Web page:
I first started thinking about this post after Wednesday’s Victorian Seminar with Catherine Robson on “one-hit-wonder” W. E. Henley’s one hit, “Invictus,” comparing its reception as a recitation poem within America to Rudyard Kipling’s “If–” and its imbrication within the English educational system. These two poems are, of course, ridiculously popular, part of which can be explained, as CR pointed out, because of the shiftiness of the “I” of “Invictus,” the “you” of “If–.”

One of the things that came up during the presentation and Q & A was the huge fissure between how we as literary critics typically think of these poems–as exemplars of Victorian imperialist manliness, liberal individualism, the stiff upper lip–and how those of the general public feel about them. Here I won’t go into the many nuanced insights that CR gave concerning the critical, institutional, national, and popular reception of these poems.What I was struck by and will fixate upon is just one particular “meaning”–their use as “inspiration.”

As I’ve mentioned before, a side effect of my dissertating has been a nasty running habit, something which caused me to spend three perfectly good hours yesterday out in the rain plodding through a long run. Among runners, and not just the plebeian masses, but up to the highest level of the so-called elites (and including my would-be sub-sub-elite self), the need for inspiration is taken seriously, whether in the form of Youtube videos, mantras, visual cues, or mock motivational posters. I’m sure that there are many runners who recite “Invictus” and/or “If” over and over again mentally (or not!) as they run.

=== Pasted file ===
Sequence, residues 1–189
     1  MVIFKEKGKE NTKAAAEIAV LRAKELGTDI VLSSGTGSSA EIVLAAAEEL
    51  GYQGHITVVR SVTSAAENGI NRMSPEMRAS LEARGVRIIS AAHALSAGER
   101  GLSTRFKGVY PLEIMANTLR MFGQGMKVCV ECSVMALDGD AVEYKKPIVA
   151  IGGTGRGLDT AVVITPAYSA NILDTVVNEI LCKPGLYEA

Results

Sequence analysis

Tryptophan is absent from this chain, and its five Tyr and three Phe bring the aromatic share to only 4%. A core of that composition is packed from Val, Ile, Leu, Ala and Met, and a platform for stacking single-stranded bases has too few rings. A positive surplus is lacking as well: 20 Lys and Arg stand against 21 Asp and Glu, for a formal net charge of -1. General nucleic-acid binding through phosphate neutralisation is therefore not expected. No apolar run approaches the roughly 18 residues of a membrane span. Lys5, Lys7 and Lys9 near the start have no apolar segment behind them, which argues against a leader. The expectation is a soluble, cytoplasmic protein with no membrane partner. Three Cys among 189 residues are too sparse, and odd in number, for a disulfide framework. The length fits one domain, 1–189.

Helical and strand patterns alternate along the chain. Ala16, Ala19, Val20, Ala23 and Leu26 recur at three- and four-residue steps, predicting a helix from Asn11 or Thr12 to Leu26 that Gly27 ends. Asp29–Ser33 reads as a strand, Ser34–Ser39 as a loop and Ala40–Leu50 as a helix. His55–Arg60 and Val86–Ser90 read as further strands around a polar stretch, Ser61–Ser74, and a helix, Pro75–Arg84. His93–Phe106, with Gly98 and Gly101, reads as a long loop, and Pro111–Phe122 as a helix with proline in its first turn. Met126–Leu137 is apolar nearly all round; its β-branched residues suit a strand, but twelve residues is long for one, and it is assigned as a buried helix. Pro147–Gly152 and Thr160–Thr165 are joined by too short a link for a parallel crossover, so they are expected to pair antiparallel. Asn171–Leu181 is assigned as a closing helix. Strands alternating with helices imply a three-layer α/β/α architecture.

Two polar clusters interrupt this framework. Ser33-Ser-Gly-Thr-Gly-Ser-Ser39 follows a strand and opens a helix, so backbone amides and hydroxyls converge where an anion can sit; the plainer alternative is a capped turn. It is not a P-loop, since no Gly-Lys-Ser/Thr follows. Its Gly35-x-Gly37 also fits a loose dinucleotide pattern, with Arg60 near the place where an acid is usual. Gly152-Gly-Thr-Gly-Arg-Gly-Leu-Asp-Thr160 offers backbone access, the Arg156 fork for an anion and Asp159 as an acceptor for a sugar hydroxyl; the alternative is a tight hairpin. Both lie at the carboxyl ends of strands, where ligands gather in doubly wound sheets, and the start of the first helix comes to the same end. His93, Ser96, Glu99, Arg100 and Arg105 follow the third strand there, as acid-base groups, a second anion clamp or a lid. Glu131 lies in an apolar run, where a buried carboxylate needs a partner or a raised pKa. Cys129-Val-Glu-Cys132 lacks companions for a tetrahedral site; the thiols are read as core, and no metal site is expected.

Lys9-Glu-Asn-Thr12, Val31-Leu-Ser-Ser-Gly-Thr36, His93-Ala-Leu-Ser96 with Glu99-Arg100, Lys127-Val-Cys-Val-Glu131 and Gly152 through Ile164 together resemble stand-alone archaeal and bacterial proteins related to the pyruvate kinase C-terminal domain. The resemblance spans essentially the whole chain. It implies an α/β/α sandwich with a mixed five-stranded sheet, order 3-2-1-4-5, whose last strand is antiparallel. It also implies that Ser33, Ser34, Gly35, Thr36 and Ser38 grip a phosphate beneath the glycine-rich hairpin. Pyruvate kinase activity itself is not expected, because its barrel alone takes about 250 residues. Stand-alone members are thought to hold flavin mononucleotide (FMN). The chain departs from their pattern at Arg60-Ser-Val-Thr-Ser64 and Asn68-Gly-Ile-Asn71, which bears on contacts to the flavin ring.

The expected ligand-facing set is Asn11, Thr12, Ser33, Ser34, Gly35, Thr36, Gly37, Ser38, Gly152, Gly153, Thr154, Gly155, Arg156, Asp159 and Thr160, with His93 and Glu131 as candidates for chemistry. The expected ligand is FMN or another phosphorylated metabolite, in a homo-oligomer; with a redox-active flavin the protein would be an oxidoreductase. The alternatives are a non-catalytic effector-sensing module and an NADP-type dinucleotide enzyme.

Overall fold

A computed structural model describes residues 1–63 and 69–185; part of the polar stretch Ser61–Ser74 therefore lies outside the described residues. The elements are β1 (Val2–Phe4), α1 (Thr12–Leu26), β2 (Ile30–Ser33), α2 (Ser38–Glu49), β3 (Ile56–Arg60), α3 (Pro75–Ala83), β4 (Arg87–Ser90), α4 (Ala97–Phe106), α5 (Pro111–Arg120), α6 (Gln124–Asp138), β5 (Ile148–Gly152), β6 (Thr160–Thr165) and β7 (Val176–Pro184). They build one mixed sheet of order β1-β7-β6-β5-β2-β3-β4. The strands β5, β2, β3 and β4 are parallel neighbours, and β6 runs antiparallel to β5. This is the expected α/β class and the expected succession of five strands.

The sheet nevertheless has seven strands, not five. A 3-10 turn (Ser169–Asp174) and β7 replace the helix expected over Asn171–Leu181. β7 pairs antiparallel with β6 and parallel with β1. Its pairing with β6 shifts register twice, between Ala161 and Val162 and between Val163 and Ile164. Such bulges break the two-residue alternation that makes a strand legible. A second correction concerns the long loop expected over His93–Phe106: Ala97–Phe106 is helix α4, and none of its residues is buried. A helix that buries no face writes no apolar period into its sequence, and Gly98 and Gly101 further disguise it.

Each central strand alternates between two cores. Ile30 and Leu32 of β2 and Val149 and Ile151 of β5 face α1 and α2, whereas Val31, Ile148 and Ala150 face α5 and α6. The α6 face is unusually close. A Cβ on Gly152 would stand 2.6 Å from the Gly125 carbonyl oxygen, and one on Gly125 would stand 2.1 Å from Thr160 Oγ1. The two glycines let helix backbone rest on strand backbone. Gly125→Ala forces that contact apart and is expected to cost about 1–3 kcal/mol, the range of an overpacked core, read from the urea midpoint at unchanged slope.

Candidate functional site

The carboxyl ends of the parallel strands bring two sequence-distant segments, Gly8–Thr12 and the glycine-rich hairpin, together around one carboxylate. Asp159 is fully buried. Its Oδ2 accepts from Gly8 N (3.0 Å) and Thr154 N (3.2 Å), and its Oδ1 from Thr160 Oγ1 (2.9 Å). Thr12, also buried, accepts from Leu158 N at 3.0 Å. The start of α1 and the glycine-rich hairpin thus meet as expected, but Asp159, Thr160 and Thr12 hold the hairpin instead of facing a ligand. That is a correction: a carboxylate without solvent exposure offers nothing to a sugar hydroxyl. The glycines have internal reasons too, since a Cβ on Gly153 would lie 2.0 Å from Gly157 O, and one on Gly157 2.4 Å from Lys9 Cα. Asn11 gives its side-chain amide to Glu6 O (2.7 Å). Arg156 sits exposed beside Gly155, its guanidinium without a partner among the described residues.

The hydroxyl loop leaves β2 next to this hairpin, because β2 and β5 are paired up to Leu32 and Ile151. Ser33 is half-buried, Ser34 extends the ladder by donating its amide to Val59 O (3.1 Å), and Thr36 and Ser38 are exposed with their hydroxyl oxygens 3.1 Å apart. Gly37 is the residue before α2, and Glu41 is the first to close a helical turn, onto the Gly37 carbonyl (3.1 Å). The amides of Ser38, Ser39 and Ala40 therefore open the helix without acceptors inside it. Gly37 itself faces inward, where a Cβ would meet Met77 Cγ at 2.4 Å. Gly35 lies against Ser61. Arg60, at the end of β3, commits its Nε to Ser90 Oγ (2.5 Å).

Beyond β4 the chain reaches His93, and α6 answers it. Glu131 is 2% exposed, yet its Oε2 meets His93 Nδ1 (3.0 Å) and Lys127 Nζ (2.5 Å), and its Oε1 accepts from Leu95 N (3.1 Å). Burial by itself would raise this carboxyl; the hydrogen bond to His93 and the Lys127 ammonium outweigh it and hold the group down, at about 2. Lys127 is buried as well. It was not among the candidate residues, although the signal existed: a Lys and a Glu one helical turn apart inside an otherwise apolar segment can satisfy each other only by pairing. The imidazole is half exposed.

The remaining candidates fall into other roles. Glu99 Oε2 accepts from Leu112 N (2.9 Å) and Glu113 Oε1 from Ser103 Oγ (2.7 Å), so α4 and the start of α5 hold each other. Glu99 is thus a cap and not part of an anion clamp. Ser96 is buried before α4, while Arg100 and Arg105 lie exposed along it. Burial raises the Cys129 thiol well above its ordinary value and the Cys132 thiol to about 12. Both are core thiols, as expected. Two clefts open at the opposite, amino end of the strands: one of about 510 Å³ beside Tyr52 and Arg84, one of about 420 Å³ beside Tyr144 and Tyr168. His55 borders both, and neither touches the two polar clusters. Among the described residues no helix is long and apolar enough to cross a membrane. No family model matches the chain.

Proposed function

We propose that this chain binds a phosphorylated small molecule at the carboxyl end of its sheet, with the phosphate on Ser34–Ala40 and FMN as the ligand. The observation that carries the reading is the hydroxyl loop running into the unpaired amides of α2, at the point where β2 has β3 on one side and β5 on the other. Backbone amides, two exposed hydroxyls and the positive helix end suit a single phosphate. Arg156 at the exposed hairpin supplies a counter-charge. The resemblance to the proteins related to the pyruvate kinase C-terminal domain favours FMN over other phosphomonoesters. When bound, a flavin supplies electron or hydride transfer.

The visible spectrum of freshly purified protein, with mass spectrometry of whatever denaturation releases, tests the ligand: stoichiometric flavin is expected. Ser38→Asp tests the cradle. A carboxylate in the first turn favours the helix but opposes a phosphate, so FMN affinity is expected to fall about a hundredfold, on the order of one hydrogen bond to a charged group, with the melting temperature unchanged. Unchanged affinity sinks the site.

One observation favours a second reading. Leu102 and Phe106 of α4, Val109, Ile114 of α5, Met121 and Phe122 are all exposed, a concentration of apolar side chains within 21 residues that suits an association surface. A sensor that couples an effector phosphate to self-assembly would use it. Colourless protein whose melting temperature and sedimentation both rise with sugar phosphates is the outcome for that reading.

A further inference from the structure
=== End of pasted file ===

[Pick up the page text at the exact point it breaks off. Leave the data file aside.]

I’m not one of those runners, nor do I wish to be–the literary critic in me forbids it. But it made me wonder just why inspiration as a feeling, or as a genre, or as a genre of feeling is so debased among us as academics. Partly it’s a brow thing–we are who we are because we eschew low-brow motivational posters and middle-brow poetry. Partly it’s because the most valued affects in the training of a literary critic are suspicion of the hermeneutical sort and disenchantment of pretty much any kind. There has of course been some pushback against the latter, but “inspiration” seems to fall outside the purview of reparative reading à la Sedgwick or critical attention to readerly attachments à la Felski.

But what if we think about readerly (or reciterly) affect in terms of genre? What genre criticism gives us is a reason why to talk about underexamined social and historical formations. Genres, especially popular ones, like sensation novels, romances, and Marvel comic books are all particularly worthy of attention from a cultural studies/genre theory point of view. We’ve grown used to thinking about and valuing popular culture–but what about popular feelings?

I’d offer “inspiration” as one such popular feeling–perhaps there are others you can think of (hint, hint, please comment, I get lonely…). Maybe there’s a whole literature on “inspiration” out there, but I have the feeling that there isn’t. Here’s one way to think about inspiration in a non-undertheorized way: I’ve been reading Lauren Berlant‘s Cruel Optimism lately, and she talks about the day-to-day crises of post-Fordian precarious life, and how what sustains us through the impasse (and/or leads to slow death) is being in the vicinity of a fantasy of a good life. Normative aspirations and aspirations to normativity. Maybe one day I’ll be somebody who could’ve been a contender. (Okay, maybe that last one doesn’t make much sense, but I thought it sounded clever.) Maybe what makes “inspiration” so powerful is its ability to hook into these fantasies: expressions not of neoliberal picked-up-by-one’s-own-bootstraps ideology but of sustaining fantasies of the future that allow us to function in the present as if we’ve got our shit together.